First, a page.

An important soft skill that would be advantageous for undergraduate students is the ability to communicate effectively in English in the workplace. The current study is part of a larger study which is being conducted since 2012 in a tertiary level institution in Malaysia. English is taught as a second language in Malaysia. This study looks into the use of two video recordings of two small groups of students who were enrolled for a Business and Professional Communication course. Both groups consisted of five students each. Both groups were assigned the same small group discussion activity. Each group was required to identify the main points in a letter of complaint and respond to these points. The session of 40 minutes was videotaped. Both groups of students were given a period of three days to view or review the video of their respective groups. Individual interviews with the ten students showed that there was more awareness regarding the way they, as well as their friends communicate. The issues mentioned by students included verbal and non-verbal communication. Students also gave reasons as to why they engaged in certain communicative behaviours during the small group discussion session. These included silence, attempts to give alternative views, or to agree with their friends. Finally, these information or feedback from students could be useful for pedagogical purposes to improve students' small group communication skills.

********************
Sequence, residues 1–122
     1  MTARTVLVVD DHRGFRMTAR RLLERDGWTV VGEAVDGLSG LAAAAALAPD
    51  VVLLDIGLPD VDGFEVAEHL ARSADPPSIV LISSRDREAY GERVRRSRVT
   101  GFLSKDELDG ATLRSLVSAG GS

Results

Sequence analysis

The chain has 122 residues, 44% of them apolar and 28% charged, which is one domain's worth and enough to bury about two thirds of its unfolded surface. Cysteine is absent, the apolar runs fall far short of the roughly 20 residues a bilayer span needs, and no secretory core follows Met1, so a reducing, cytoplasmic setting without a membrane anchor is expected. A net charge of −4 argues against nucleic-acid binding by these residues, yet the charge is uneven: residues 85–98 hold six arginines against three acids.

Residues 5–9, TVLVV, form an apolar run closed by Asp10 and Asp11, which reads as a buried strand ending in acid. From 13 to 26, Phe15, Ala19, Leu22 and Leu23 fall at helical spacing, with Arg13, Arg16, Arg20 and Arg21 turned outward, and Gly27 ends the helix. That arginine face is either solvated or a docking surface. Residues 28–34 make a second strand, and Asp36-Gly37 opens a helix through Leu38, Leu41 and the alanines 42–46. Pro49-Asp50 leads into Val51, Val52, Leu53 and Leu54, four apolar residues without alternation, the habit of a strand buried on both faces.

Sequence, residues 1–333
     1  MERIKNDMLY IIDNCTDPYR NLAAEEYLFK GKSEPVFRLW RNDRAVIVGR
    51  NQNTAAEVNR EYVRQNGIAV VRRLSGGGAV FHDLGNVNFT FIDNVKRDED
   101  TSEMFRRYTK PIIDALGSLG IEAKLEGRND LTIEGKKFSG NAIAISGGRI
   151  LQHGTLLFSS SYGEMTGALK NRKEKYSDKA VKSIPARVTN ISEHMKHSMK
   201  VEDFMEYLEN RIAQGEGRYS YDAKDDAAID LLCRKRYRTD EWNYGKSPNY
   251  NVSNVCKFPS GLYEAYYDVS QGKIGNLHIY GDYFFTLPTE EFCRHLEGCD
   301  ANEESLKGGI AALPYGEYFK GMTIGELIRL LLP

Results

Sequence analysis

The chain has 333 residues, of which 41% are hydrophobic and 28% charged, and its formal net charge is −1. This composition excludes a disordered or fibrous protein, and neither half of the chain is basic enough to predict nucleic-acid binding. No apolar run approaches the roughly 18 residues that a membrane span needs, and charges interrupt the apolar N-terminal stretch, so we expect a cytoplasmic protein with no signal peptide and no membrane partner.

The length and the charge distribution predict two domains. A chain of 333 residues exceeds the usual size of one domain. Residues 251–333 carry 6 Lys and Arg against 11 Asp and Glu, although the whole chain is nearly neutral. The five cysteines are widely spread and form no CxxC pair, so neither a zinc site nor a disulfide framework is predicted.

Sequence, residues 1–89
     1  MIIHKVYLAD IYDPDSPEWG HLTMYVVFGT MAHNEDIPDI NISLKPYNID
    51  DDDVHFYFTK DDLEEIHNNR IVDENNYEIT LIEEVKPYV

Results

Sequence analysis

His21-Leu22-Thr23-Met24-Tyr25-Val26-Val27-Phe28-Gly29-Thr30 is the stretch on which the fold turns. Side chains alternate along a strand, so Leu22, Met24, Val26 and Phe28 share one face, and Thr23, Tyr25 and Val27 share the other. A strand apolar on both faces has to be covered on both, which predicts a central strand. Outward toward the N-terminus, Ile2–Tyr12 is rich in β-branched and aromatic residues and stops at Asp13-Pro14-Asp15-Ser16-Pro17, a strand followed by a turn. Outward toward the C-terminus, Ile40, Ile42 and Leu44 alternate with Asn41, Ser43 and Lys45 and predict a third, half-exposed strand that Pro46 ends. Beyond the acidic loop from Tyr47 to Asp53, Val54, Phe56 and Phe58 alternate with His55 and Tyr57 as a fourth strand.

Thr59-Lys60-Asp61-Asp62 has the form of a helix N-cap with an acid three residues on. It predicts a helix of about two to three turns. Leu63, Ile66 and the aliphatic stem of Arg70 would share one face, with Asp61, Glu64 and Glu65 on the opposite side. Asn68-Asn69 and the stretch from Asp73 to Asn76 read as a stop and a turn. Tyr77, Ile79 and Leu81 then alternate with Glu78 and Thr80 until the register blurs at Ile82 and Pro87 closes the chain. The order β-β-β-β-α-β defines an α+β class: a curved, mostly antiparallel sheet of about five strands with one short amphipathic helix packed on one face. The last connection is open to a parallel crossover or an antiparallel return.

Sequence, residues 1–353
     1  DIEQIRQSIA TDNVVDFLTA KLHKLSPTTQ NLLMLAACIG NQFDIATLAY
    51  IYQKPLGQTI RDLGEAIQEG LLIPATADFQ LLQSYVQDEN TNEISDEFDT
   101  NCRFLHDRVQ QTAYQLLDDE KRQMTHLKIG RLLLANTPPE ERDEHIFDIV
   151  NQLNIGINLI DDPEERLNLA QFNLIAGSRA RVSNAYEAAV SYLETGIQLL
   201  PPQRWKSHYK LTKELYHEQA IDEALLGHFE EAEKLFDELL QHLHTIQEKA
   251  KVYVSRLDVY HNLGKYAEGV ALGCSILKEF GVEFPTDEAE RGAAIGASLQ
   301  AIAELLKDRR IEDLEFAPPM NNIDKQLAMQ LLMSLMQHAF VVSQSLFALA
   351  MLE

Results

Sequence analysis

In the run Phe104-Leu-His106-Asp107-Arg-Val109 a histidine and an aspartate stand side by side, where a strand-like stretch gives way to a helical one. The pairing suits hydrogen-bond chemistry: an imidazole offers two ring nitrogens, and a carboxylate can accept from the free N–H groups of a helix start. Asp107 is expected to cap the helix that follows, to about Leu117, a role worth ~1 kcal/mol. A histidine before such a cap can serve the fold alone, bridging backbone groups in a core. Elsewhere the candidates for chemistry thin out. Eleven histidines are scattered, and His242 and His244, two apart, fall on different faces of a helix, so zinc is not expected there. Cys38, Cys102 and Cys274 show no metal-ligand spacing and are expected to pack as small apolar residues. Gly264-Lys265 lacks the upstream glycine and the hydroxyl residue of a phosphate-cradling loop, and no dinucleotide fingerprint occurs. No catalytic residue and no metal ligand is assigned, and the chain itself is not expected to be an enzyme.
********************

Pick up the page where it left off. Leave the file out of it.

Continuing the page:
Hariharan N Krishnasamy, Universiti Utara Malaysia, Malaysia
Stream: Education and Technology: Teaching
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